Concert will celebrate 75 years of Barbershop music in the Berkshires
PITTSFIELD -- Julie Bertelli of Pittsfield is hooked on barbershop music.
She has been enthralled by the a cappella, four-part harmony since she first heard it sung 36 years ago.
"I said, ‘I have to do that,'" she recalled, "Three weeks later I joined the Berkshire Hills Chorus."
On Sunday, Bertelli and the all-female chorus join their male counterparts, Berkshire Hillsmen, for a diamond jubilee celebration of what they call "a pure American music form."
The two Pittsfield-based groups will perform a scripted musical entitled "60 Minutes: Give or Take", honoring the 75th anniversary of the Barbershop Harmony Society. The show begins 2 p.m. at Barrington Stage Company on Union Street.
Originally named the Society for the Preservation and Propagation of Barber Shop Quartet Singing in the United States, the Barbershop Harmony Society grew out of a 1938 songfest in Tulsa, Okla., to formally recognize barbershop quartets around the country.
Barbershop harmony is rooted in the music and style of singing brought to the U.S. in the 1800s by the slaves from Africa and by European immigrants, according to Dan Burkhard, president of the 18-member Berkshire Hillsmen.
The thrill and challenge of singing barbershop music is -- it's all about the voice.
"I played the trumpet for years, but this you can practice in your car," Burkhard said. "You can't do that with a trumpet."
Berkhsire Chorus member Janie Pellish added, "The wonderful challenge is no accompaniment - your body is your instrument."
Barbershop music consists of four voice types: tenor, bass, melody (lead) and baritone.
"The minute you put baritone in the mix, that makes it barbershop," Marcy Cohen said. "Baritone is notes that don't make sense."
Cohen and her choral mates demonstrated the point during a recent joint rehearsal with the Hillsmen at the Universal Unitarian Church in Pittsfield.
With Bertelli directing the Berkshire Hills Chorus, she first had the tenors sing, followed by the bass voices, lead and then all three together.
Once the baritones joined in, they elevated the song to the recognizable barbershop harmony.
"Exactly," the chorus said collectively.
While baritones define the sound of barbershop music, those singing the melody have all the pressure to make it work, according to Scott Keough.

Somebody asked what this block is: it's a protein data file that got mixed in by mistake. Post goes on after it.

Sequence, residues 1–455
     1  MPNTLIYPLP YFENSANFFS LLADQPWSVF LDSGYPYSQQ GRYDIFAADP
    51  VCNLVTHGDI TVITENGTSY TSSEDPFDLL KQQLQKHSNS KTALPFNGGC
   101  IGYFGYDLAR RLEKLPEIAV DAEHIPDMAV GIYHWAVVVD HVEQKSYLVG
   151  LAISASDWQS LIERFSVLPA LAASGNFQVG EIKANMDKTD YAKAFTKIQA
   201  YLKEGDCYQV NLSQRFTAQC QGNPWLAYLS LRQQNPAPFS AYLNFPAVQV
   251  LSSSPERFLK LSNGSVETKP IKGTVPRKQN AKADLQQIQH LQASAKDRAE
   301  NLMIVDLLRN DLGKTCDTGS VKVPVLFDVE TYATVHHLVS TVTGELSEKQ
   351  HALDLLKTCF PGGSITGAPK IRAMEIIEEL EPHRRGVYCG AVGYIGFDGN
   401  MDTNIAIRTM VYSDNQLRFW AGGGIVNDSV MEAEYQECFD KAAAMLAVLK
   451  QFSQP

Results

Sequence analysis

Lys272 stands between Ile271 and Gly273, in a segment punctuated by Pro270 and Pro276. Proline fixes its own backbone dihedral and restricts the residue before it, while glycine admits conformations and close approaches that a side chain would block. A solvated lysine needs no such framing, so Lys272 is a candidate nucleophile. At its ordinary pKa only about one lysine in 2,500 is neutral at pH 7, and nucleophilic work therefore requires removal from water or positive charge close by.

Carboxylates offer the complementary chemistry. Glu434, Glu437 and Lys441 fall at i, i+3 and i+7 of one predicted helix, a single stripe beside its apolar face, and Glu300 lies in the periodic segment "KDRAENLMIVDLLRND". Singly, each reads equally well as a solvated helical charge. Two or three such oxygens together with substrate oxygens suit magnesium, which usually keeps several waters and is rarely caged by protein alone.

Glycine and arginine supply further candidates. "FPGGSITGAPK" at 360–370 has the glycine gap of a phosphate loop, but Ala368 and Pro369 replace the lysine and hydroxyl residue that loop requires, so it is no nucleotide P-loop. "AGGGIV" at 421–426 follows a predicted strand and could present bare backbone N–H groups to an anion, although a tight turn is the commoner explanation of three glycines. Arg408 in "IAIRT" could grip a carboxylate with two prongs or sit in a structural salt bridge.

"You have to know the voice part and carry everyone else," said Keough, a veteran lead with the Hillsmen. "Baritone and bass play off you."
Despite the vital roles of baritone and lead, barbershop singers are all considered equals -- no star power required, according to the local groups.
"I love how we perform together," said Maureen Feldman of Lee. "You become a family and we care for each other. That makes it good."
At 17, Feldman is one of the youngest singers with the 25-member Berkshire Hills Chorus. Formed in 1969, the chorus belongs to the New England/ eastern Canada chapter of Sweet Adelines International, competing against other barbershop groups each spring in Springfield.
The Berkshire Hillsmen debuted in June, 1957 as the Pittsfield chapter of the Barbershop Harmony Society, Northeastern District. The music men also perform competitively and have won recognition as a small chorus many times, Burkhard said.
The music men and women each consist of two quartets and one octet, as well as each group singing as one. The Hillsmen and chorus travel separately throughout the Berkshire region, performing at retirement homes, weddings, fairs and other events.
Their performances also educate the public that barbershop harmony goes beyond the image of four guys with mustaches standing around a barber's chair, ready to give a customer a shave. The music range includes spiritual, rock, patriotic, as well as renditions of traditional barbershop songs, some made famous by the 1957 Broadway hit, "The Music Man."
"You have to see us in all our glitter and bling -- we can be pretty jazzy," said Marcy Cohen.
"The music is funny, informative and clever," added Dick Riedel, the Hillsmen's interim director.
Riedel took over for Mike Joyce, who died last December after a 51-year stint with the group, 12 years as its musical leader. Sunday's show also celebrates Joyce's life and the legacy of singing he left behind.
The two groups also view the performance as a way to draw new recruits, musically inclined or not.
"If we don't get anyone, we hope people understand what barbershop music is," said Keough.
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What: '60 Minutes: Give or Take' Performed by the Berkshire Hillsmen and Berkshire Hills Chorus as a tribute to 75 years of the Barbershop Harmony Society
When: Sunday, 2 p.m.
Where: Barrington Stage Union Street, Pittsfield
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